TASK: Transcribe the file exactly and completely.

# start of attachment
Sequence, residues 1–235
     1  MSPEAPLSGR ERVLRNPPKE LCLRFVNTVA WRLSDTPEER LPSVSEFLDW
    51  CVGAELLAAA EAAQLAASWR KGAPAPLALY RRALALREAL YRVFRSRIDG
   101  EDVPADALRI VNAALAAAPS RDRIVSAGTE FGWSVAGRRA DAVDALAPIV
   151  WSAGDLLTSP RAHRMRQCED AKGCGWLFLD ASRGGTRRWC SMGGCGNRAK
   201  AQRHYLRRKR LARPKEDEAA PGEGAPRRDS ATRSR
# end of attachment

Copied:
Sequence, residues 1–235
     1  MSPEAPLSGR ERVLRNPPKE LCLRFVNTVA WRLSDTPEER LPSVSEFLDW
    51  CVGAELLAAA EAAQLAASWR KGAPAPLALY RRALALREAL YRVFRSRIDG
   101  EDVPADALRI VNAALAAAPS RDRIVSAGTE FGWSVAGRRA DAVDALAPIV
   151  WSAGDLLTSP RAHRMRQCED AKGCGWLFLD ASRGGTRRWC SMGGCGNRAK
   201  AQRHYLRRKR LARPKEDEAA PGEGAPRRDS ATRSR